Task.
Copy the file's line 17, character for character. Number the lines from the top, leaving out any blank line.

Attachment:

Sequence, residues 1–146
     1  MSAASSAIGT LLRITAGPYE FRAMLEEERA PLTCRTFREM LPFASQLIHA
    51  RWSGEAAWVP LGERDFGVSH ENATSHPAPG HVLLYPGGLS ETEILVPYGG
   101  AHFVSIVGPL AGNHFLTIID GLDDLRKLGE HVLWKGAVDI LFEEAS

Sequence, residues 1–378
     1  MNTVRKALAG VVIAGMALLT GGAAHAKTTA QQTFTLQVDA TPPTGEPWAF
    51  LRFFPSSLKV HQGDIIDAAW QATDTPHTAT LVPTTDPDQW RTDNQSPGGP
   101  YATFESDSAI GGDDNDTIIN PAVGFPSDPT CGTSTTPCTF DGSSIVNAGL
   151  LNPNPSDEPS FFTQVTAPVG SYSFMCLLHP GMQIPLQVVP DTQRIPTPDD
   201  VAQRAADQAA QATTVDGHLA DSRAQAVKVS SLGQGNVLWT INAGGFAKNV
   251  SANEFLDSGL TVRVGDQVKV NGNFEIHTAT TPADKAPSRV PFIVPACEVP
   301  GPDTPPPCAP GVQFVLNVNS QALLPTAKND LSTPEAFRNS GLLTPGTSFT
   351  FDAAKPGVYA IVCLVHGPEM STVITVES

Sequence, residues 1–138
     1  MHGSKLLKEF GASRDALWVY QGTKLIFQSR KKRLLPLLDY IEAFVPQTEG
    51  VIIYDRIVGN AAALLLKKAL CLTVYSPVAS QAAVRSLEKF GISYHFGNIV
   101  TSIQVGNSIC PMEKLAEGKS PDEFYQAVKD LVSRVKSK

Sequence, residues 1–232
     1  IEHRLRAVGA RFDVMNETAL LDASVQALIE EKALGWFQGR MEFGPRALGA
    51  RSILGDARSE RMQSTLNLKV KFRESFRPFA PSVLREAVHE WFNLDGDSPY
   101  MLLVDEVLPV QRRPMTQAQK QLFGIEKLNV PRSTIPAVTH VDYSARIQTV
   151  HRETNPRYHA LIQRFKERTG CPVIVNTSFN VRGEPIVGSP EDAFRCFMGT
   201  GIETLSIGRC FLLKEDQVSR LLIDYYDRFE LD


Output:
   101  TSIQVGNSIC PMEKLAEGKS PDEFYQAVKD LVSRVKSK